Orthodontist: Job Duties, Employment Outlook and Educational Requirements

Read about the job duties and employment outlook for orthodontists. Find out what education, certification and licensure is required for these specialized dentists. Schools offering Dental Assisting degrees can also be found in these popular choices.

What Are the Job Duties of an Orthodontist?

As an orthodontist, you could use braces and retainers to prevent future dental problems, straighten teeth and correct bite issues. You could examine patients, develop treatment plans and prepare patients for orthodontic services. You could also work with orthodontic technicians and instruct them about what procedures patients need to undergo. Because of the nature of orthodontics, you could see your patients on a monthly basis and treat their orthodontic issues until their treatments are complete.

According to the U.S. Bureau of Labor Statistics (BLS), most dentists are private practitioners who own their own businesses, so you could also be responsible for managerial tasks such as paying employees, ordering supplies and keeping your office stocked with orthodontic tools (www.bls.gov). You could also work in hospitals or general physician offices.

What is My Employment Outlook?

In 2010, BLS reported that orthodontists made up the largest group of dental specialists in the United States. There were approximately 5,580 orthodontists in the U.S. in 2010, and the number of positions was expected to increase 20% between 2008-2018, which is must faster than average. Additionally, BLS reported that orthodontists in the 10%-25% range earned between $72,490-$134,050 in 2010.

What Education Do I Need?

You can start by earning a bachelor's degree, which could be in any field, although coursework in your chosen degree program should include in-depth study of the basic and biological sciences. After you graduate, you'll need to take the Dental Admission Test (DAT) to be admitted into dentistry school. Dentistry program generally include two years of classroom work and two years of residential practice, which is the period of time when you'll work on actual patients. General dentistry programs are typically four years in length and lead to a Doctor of Dental Medicine (DMD) degree.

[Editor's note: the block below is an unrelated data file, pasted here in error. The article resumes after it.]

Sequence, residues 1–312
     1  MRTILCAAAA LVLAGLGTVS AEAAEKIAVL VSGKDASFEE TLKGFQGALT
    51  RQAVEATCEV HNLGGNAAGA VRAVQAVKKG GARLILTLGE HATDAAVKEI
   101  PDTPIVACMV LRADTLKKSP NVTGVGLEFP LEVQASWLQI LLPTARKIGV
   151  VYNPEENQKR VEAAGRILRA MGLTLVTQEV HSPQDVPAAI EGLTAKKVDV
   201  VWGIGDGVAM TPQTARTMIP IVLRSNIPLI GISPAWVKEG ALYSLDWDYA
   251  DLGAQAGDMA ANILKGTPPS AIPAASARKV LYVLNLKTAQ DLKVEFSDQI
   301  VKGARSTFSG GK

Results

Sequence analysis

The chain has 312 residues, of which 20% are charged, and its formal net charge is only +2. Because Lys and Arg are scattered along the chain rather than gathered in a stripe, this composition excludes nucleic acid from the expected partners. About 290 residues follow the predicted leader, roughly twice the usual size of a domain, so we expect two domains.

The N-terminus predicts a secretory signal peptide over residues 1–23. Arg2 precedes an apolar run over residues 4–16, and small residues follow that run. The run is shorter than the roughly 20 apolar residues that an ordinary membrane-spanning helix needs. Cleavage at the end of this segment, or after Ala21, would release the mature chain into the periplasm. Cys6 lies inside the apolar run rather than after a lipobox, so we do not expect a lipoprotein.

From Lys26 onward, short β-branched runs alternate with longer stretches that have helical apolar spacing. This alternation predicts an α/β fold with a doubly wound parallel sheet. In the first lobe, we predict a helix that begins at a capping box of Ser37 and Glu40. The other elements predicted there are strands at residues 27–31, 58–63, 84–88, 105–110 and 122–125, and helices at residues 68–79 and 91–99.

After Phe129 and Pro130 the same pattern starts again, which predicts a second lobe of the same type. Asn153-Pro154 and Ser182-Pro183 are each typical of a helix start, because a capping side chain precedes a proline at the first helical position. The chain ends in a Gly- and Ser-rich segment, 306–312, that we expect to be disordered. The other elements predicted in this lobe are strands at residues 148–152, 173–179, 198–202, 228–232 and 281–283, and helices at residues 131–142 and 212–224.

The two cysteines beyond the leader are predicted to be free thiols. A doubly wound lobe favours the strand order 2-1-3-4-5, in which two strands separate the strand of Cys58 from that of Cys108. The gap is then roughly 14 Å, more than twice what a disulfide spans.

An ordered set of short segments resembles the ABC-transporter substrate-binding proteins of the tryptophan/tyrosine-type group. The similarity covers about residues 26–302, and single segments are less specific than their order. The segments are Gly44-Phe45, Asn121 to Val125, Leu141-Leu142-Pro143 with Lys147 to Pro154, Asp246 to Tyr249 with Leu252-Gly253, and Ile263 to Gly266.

Another route is to enroll in a seven year bachelor's to doctoral program. This option allows you to enter into a dentistry program after high school, doing away with the need to attend a separate dentistry school. After you earn your DMD, you can enroll in a post-graduate training program in orthodontics, which often leads to an a master's degree in orthodontics, oral science or oral biology, an orthodontics certificate or a Ph.D. During your clinical training, you'll work on real patients, assessing the severity of facial anomalies, diagnosing dental problems and treating patients with a variety of orthodontic procedures.

How Do I Get Licensed and Certified?

Regardless of the educational program you complete, you'll need to pass the National Board Dental Examinations, a written and clinical examination administered by the Joint Commission on Dental Examinations. Once you pass the exam, you can get licensed through your State Board of Dentistry. State requirements for dentists may vary, so you'll need to check with your state board for specific requirements. You may need to take additional exams or complete more training. You can obtain your dentistry license after you complete your DMD and before you enter post-graduate training.

Next, you'll need to get certified by the American Board of Orthodontics, which is the oldest specialty board of dentistry in the U.S. The Initial Certification Examination consists of both written and clinical examinations. Once you pass the examinations, you'll earn the Board Certified Orthodontist designation.

To continue researching, browse degree options below for course curriculum, prerequisites and financial aid information. Or, learn more about the subject by reading the related articles below:

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